Most people were too busy laughing at HYENAS they probably forgotten that Creative Assembly were even releasing another Total War game.

It has gone from bad to worse for Creative Assembly after a hilarious spectacle that has unfolded over the past few weeks, what with their woke space heist shooter, HYENAS being canceled mere months before release, which apparently was SEGA’s largest budget title ever.

I made the quip that Creative Assembly would be losing SEGA even more money with the release of Total War: Pharaoh, but even I couldn’t have foreseen the game being such a catastrophic flop.

Aside from the obvious, as to how Creative Assembly are seemingly disassociating themselves from reality (and history) by wrongfully portraying ancient Egyptians as being dark skinned, the game itself launched on October 11th to an unceremonious whisper and quite literally the worst game in the franchises entire history.

Total War: Pharaoh is yet another story of greedy developers underperforming, underdelivering, failing to meet consumer expectations and selling them unfinished or half baked products for large amounts of money.

But before that a little context, the Total War series of games is as you’d probably guess is a Total War (Simulator), featuring both turn based and real-time strategic battles, the franchise consists of many different titles that have their own unique setting in terms of which time period they take place in as well as additional or revised gameplay mechanics.

But we can break the Total War franchise into three different types of games, those being Warhammer which are entirely fantasy based with its own set of rich and enticing lore.

Then you obviously have the realism junkies, various Total War games have been made that depict real life battle simulations, games that take place within the Roman Republic era, the Three Kingdoms era, the Bronze age, and even as recent as the 18th century with Empire: Total War.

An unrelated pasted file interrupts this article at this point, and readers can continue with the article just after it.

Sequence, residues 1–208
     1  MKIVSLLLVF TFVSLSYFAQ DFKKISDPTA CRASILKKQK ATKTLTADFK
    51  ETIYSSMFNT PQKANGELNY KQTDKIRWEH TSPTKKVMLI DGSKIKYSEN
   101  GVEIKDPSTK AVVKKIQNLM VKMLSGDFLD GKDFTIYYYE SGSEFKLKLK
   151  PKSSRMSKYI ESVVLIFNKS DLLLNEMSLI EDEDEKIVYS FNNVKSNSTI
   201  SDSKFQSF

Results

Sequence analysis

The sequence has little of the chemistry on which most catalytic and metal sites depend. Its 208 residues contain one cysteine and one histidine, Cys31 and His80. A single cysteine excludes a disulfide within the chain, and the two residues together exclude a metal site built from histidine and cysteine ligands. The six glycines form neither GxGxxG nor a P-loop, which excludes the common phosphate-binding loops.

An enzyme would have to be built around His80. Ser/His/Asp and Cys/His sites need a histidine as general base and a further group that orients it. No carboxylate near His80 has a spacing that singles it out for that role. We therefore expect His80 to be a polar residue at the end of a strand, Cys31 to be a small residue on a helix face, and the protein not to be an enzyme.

Then you have the “Saga” games, nobody really likes these, Total War Saga titles are merely glorified DLC expansions sold as a standalone game, if you think people are generally outraged about that you wouldn’t even know the half of it, especially when Total War Saga: Troy was made free on the Epic Game Store (because it was a receptive failure), before being repackaged and sold as Mythos.

Back to Pharaoh, it launched almost a week ago to yawns all around, with the game peaking with little over 5,400 concurrent players on launch day however that number quickly fell to around 3,400 as your maximum daily average.

In comparison, Total War: Pharaoh falls short of daily player peaks found from earlier releases….. much earlier releases, with 2006’s Total War: Medieval 2 garnering daily peaks of 4,500 on the worst of days.

2013’s Total War Rome 2 manages to achieve nearly double the concurrent player counts of Pharoah.

And over 8,600 players are playing Total War Three Kingdoms on any given day.

So the realism junkies don’t want Pharaoh, what about if we were to compare it with the fantasy buffs? Total War Warhammer 3 has made quite a lot of people rightfully pissed off just recently actually, with Creative Assembly trying to peddle overpriced DLC expansions with far less content than the norm for their beloved war simulation series.